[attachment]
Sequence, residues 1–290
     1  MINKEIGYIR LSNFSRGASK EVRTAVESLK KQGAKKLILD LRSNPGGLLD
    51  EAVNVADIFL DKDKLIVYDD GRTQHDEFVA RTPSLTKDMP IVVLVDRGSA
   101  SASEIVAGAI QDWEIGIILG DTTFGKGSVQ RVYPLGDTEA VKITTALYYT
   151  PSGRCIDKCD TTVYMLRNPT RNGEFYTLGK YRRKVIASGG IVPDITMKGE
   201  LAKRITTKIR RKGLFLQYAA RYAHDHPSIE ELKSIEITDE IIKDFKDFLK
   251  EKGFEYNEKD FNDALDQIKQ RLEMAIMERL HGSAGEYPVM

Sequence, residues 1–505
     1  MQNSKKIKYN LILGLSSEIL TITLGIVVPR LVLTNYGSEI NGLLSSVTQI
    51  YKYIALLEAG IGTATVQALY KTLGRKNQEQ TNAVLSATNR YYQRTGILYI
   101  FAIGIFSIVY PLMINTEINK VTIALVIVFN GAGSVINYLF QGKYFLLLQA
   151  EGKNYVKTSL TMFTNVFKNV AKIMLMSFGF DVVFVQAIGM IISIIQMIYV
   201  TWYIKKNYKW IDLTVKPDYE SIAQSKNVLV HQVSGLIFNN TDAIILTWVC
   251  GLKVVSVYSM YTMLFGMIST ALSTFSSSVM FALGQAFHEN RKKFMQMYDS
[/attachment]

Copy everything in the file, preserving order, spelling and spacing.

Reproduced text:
Sequence, residues 1–290
     1  MINKEIGYIR LSNFSRGASK EVRTAVESLK KQGAKKLILD LRSNPGGLLD
    51  EAVNVADIFL DKDKLIVYDD GRTQHDEFVA RTPSLTKDMP IVVLVDRGSA
   101  SASEIVAGAI QDWEIGIILG DTTFGKGSVQ RVYPLGDTEA VKITTALYYT
   151  PSGRCIDKCD TTVYMLRNPT RNGEFYTLGK YRRKVIASGG IVPDITMKGE
   201  LAKRITTKIR RKGLFLQYAA RYAHDHPSIE ELKSIEITDE IIKDFKDFLK
   251  EKGFEYNEKD FNDALDQIKQ RLEMAIMERL HGSAGEYPVM

Sequence, residues 1–505
     1  MQNSKKIKYN LILGLSSEIL TITLGIVVPR LVLTNYGSEI NGLLSSVTQI
    51  YKYIALLEAG IGTATVQALY KTLGRKNQEQ TNAVLSATNR YYQRTGILYI
   101  FAIGIFSIVY PLMINTEINK VTIALVIVFN GAGSVINYLF QGKYFLLLQA
   151  EGKNYVKTSL TMFTNVFKNV AKIMLMSFGF DVVFVQAIGM IISIIQMIYV
   201  TWYIKKNYKW IDLTVKPDYE SIAQSKNVLV HQVSGLIFNN TDAIILTWVC
   251  GLKVVSVYSM YTMLFGMIST ALSTFSSSVM FALGQAFHEN RKKFMQMYDS